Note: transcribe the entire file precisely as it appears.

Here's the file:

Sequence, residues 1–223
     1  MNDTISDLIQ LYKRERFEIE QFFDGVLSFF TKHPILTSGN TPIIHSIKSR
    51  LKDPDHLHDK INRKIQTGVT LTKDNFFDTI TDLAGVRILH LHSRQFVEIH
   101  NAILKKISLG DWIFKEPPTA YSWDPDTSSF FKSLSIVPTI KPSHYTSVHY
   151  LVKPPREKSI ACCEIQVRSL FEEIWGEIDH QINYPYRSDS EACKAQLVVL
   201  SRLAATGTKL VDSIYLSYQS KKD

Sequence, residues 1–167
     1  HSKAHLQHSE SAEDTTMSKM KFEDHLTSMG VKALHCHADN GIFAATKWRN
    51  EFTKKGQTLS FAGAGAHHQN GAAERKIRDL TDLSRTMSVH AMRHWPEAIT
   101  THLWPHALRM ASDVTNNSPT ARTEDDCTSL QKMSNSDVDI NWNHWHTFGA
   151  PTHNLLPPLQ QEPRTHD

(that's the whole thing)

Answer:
Sequence, residues 1–223
     1  MNDTISDLIQ LYKRERFEIE QFFDGVLSFF TKHPILTSGN TPIIHSIKSR
    51  LKDPDHLHDK INRKIQTGVT LTKDNFFDTI TDLAGVRILH LHSRQFVEIH
   101  NAILKKISLG DWIFKEPPTA YSWDPDTSSF FKSLSIVPTI KPSHYTSVHY
   151  LVKPPREKSI ACCEIQVRSL FEEIWGEIDH QINYPYRSDS EACKAQLVVL
   201  SRLAATGTKL VDSIYLSYQS KKD

Sequence, residues 1–167
     1  HSKAHLQHSE SAEDTTMSKM KFEDHLTSMG VKALHCHADN GIFAATKWRN
    51  EFTKKGQTLS FAGAGAHHQN GAAERKIRDL TDLSRTMSVH AMRHWPEAIT
   101  THLWPHALRM ASDVTNNSPT ARTEDDCTSL QKMSNSDVDI NWNHWHTFGA
   151  PTHNLLPPLQ QEPRTHD